Why it’s important to be pedantic about sigmas and commas
The BBC reported last week that evidence for the Higgs Boson is “around the two-sigma level of certainty” and provides further explanation:
Particle physics has an accepted definition for a "discovery": a five-sigma level of certainty. The number of standard deviations, or sigmas, is a measure of how unlikely it is that an experimental result is simply down to chance rather than a real effect”
This is nice and clear, but it is also wrong, as we have pointed out before in a previous blog by Kevin McConway.
The number of sigmas does not say 'how unlikely the result is due to chance': it measures 'how unlikely the result is, due to chance'.
The additional comma may seem staggeringly pedantic (and indeed statisticians have been accused of being even more pedantic about language than lawyers). So what is the problem?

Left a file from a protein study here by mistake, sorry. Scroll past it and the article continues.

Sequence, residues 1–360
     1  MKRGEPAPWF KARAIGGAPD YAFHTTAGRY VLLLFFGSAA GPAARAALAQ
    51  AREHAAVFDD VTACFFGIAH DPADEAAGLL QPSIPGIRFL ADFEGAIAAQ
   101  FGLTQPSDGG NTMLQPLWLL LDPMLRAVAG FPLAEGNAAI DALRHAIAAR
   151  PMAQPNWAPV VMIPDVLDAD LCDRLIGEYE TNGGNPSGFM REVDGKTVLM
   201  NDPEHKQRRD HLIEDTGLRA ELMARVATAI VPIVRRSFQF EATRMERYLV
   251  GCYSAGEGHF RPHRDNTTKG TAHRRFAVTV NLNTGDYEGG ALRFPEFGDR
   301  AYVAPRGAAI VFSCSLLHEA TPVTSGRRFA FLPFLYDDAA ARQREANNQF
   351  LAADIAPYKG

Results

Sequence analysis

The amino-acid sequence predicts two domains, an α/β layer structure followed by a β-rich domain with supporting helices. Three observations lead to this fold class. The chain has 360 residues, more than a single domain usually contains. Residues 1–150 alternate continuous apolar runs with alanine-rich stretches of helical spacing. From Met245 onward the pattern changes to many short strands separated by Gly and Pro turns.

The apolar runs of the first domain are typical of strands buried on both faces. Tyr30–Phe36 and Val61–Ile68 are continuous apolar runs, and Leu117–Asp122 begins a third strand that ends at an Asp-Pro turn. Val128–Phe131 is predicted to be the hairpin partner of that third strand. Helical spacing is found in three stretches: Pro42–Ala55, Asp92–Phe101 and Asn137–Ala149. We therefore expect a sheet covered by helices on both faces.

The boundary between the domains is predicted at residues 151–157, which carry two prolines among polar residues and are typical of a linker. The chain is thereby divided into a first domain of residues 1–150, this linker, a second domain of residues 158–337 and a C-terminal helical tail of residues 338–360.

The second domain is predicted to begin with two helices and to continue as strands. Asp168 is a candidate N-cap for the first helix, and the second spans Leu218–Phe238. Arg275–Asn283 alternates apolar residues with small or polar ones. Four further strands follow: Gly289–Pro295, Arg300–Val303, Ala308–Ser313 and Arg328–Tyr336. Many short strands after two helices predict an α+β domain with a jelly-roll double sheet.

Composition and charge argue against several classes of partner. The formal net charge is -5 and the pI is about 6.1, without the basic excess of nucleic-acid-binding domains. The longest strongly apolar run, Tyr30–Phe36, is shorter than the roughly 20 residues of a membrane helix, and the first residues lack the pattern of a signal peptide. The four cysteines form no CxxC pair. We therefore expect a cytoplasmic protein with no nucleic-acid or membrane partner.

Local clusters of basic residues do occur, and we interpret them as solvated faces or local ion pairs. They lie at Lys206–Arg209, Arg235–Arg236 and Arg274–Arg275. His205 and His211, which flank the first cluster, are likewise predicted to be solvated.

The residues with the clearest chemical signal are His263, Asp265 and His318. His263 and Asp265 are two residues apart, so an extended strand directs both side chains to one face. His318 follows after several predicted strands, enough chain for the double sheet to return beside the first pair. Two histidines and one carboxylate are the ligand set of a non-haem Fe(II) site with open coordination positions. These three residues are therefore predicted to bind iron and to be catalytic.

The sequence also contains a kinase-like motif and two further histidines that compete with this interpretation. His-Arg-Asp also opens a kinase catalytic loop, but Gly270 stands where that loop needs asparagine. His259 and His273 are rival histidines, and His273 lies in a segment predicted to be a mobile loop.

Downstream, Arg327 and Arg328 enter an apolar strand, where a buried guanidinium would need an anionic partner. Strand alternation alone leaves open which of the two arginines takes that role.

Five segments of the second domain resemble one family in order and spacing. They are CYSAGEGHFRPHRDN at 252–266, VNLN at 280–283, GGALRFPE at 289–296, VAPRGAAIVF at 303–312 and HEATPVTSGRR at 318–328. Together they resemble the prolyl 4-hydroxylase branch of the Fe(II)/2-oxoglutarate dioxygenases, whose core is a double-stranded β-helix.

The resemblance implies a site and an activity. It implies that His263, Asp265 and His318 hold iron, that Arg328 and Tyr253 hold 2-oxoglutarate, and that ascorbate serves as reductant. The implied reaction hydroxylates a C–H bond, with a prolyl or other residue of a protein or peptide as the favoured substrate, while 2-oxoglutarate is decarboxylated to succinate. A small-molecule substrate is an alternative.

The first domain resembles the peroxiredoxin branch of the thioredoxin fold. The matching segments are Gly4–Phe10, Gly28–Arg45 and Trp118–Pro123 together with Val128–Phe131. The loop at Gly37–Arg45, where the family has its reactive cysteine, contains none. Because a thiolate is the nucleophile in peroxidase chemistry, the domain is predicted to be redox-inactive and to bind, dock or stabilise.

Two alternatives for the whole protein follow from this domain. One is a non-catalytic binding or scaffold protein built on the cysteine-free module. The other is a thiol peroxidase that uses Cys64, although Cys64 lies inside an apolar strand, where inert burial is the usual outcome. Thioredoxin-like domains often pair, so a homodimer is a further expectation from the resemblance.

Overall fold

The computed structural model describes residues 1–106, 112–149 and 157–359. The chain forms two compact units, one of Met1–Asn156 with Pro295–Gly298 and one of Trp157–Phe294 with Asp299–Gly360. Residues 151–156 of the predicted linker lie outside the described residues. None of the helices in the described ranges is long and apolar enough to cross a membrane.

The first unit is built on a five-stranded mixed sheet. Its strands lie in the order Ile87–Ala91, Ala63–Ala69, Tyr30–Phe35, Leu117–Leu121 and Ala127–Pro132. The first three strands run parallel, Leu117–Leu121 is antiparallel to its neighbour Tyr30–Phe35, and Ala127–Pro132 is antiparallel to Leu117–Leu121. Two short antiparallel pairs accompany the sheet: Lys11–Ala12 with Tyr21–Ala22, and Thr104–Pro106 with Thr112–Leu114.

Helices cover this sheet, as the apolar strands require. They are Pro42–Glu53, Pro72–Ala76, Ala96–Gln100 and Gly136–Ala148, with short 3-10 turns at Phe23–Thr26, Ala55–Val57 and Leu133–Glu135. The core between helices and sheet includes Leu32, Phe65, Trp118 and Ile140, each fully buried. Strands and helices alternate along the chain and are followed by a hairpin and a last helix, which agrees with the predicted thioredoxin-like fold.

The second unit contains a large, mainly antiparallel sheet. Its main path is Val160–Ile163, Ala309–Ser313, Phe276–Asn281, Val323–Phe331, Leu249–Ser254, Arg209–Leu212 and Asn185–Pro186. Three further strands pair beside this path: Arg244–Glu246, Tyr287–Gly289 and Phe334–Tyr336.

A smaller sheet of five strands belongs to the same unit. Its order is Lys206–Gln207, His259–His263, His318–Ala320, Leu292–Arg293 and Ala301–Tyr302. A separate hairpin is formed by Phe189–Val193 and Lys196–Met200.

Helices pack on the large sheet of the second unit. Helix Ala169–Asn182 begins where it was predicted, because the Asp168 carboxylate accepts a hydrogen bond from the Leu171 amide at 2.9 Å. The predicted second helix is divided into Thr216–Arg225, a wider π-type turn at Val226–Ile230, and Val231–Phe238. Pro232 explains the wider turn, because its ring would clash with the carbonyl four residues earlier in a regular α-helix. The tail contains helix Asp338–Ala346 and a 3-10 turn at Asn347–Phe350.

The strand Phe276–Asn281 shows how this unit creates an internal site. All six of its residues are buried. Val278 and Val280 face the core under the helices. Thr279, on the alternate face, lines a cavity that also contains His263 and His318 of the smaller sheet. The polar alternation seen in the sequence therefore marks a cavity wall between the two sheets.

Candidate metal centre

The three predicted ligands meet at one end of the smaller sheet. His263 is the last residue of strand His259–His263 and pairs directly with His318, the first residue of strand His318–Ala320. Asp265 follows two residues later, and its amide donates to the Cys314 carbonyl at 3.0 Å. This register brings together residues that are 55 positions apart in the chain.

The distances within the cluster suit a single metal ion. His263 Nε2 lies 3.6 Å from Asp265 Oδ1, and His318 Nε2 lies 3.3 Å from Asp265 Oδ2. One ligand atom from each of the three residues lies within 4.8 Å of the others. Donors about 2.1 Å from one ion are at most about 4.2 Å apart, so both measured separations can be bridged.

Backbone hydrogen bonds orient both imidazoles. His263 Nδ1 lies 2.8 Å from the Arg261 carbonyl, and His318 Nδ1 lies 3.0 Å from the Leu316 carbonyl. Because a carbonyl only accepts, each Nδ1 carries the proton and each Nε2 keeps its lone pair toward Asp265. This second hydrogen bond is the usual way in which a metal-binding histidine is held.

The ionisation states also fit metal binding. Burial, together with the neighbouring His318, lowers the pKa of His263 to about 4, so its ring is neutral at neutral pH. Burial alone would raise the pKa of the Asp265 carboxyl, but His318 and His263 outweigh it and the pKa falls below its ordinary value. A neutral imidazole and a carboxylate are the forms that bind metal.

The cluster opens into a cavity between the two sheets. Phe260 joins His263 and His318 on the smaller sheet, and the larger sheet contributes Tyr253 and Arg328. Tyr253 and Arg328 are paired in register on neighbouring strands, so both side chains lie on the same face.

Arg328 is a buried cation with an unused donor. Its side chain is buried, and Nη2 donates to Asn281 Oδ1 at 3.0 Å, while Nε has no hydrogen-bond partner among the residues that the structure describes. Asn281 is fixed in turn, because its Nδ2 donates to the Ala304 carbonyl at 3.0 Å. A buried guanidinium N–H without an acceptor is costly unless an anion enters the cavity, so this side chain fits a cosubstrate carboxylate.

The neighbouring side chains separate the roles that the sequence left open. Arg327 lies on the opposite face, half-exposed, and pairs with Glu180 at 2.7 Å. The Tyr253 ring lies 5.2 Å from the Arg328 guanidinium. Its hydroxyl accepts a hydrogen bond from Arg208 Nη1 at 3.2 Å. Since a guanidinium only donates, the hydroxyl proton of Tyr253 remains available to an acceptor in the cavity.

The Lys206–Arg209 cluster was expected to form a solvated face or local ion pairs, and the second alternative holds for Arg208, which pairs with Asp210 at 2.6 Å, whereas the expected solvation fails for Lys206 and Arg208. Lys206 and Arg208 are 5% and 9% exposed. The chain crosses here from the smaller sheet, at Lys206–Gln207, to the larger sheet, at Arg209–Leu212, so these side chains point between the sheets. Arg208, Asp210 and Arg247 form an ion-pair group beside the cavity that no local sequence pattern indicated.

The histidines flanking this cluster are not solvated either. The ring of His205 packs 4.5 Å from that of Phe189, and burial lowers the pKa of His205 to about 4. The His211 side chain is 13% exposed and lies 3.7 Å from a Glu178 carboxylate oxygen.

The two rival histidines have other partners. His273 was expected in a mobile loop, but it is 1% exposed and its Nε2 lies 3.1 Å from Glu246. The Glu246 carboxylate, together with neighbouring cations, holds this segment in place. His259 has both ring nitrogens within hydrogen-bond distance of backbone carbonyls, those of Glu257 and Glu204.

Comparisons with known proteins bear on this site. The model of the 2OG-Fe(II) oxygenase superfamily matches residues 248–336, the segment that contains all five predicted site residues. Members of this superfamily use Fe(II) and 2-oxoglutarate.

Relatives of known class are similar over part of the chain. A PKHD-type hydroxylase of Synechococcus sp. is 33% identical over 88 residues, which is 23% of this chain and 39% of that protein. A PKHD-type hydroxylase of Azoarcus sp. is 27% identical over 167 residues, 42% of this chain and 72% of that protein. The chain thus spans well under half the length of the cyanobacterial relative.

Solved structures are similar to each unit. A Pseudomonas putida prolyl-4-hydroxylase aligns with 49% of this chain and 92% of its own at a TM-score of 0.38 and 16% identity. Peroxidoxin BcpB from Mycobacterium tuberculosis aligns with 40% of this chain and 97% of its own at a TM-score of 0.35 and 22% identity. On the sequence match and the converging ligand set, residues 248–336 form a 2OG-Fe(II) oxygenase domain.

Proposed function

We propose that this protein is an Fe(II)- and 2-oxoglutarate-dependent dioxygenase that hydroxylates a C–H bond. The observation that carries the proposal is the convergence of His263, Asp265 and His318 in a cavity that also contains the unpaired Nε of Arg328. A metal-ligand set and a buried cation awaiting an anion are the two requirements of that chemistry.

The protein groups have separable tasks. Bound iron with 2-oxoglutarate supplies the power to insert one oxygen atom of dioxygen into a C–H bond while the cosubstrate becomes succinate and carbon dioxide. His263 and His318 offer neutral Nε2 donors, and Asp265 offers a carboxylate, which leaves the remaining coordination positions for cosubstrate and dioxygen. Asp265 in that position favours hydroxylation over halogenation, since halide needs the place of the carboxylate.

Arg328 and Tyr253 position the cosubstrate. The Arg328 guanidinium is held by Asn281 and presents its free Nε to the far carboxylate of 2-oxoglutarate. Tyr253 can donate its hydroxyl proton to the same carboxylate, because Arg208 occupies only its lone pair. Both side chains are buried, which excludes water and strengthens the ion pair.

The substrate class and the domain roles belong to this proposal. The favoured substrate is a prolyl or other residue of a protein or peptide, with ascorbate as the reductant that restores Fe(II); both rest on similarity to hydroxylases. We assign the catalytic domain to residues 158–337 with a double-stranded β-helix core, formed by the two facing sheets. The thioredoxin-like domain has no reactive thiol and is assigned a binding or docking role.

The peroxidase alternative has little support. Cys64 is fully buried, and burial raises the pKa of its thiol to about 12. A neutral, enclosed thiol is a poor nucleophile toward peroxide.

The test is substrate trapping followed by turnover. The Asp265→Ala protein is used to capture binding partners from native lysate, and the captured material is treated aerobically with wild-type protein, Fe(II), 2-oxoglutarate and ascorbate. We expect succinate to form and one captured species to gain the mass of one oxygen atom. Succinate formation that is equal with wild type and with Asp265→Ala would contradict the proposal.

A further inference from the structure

The first, incorrect, 'how unlikely the result is due to chance' applies the term ‘unlikely’ to the whole phrase ‘the result is due to chance’, ie it says that the hypothesis that the Higgs Boson does not exist is unlikely, or equivalently it is likely the Higgs Boson exists.
The second, correct, 'how unlikely the result is, due to chance' applies the term 'unlikely' to the data, and just says that the data is surprising, if the Higgs Boson does not exist. It does not imply that it is necessarily likely that the Higgs Boson exists.
Take Paul the Octopus, who correctly predicted 8 football results in a row, which is unlikely (probability 1/256), due to chance. Is it reasonable to say that these results are unlikely to be due to chance (in other words that Paul is psychic)? Of course not, and nobody said this at the time, even after this 2.5 sigma event. So why do they say it about the Higgs Boson?
This is important - people have been wrongly condemned for murder because this comma was left out. The comma needs to be in there.